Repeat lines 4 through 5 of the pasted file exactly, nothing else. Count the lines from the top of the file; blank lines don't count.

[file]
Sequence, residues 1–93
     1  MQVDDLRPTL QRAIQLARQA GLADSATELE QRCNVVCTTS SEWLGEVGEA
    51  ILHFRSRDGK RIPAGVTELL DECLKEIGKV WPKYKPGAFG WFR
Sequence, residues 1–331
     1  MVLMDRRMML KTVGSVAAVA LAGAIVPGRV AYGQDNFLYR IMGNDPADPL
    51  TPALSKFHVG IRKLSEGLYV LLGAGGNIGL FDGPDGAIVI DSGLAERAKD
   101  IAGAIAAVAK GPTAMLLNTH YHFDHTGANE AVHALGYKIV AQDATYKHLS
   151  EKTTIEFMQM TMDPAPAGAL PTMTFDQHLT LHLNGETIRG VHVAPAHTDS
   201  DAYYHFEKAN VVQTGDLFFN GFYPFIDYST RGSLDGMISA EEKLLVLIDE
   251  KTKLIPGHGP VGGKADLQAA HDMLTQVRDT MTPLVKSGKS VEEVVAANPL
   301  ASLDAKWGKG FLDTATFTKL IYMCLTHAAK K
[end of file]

Sequence, residues 1–331
     1  MVLMDRRMML KTVGSVAAVA LAGAIVPGRV AYGQDNFLYR IMGNDPADPL